Making Visible What Is Invisible



     Any study of Spirituality recognizes the need to bring into perspective the
magnetic attraction of our material world.  We only appear to be physical beings.  In reality what we sense only represents the visible tip of an iceberg.  We are not our bodies which are vehicles that are constantly changing.  The wise spend time retraining their minds, emotions and spirits to remain centered in the vast inner world, the reality of which is seldom reinforced during our lives.  This lesson will sensitize us to a number of these invisible qualities that mold and shape our moods, attitudes and choices.  In some respects this lesson will represent a review before our final session.

     How many of us spend time developing our sense of awe and wonder?  What kind of questions are we asking ourselves about our inner world that truly governs all our emotional and intellectual responses?  Every variety of crystal has a mysterious memory that allows each to develop its own consistent configuration.  What holds that memory?  Why does our species have so many silent genes, genes that have potential but now lack any known function?  Will all religions eventually evolve in their understanding that Spirituality has an unlimited potential to create community, build bridges and to integrate all religious paths into a common intuitive awareness?

      How many of us spend time developing our imaginations?  There may be no other quality of life that best expresses our creativity than how we develop our imaginations.  Confounding and humbling several architects and gifted building engineers, for example, a custodian envisioned the first external elevator in the world.  It was installed on the outside of the El Cortez hotel in San Diego, California.  It has been said that if we can envision it, we can build it.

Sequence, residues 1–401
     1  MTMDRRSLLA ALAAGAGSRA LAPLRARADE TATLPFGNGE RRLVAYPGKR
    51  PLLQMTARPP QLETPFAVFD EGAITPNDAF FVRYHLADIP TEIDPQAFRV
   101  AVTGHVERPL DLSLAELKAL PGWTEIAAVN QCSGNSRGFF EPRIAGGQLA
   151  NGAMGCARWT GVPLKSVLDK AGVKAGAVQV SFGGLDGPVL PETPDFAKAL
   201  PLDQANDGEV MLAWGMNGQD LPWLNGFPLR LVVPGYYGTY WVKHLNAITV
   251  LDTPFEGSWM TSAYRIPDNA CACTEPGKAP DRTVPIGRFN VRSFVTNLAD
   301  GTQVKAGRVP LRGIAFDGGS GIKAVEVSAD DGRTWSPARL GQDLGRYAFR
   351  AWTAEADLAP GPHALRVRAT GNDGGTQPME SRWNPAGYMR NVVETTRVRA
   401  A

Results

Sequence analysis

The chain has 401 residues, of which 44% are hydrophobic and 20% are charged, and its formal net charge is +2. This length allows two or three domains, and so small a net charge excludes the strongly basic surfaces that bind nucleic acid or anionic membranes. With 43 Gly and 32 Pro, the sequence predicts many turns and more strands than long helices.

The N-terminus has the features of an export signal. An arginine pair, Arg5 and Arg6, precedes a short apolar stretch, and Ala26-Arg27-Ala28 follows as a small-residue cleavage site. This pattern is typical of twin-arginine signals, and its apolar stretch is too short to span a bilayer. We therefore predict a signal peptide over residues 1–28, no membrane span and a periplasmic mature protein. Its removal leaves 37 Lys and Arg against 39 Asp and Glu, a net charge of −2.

Think of all the areas that have surfaced in our lifetime that were developed from someone’s imaginations: nano-technology, fiber optics, stem cell research, new applications for composite materials, artificial intelligence and information-technology -- the one medium that has accelerated rapid change in electronics and communication in our generation.  The younger generations are fascinated with what will one day be viewed as primitive.

     How many of us spend time intentionally developing and refining our thought, emotional and spiritual patterns of expression?  Not surprisingly, the earliest response of children is anger when their world was not the way they wanted it.  This response tends to linger and grow stronger with use.  Are we doing the same with patience, gratitude, compassion, seeing humor in our mistakes and understanding that people are living on different levels of awareness?  Are we practicing more creative and wholesome ways of expressing ourselves?  Rather than saying, “I hate doing that!” we say, “I prefer doing this.”

     We forget that every experience, both pleasant and unpleasant, can teach us when we choose responses different from frustration, dread, regret, pessimism and hostility.  These new traits are developed when people choose to reinvent themselves every day.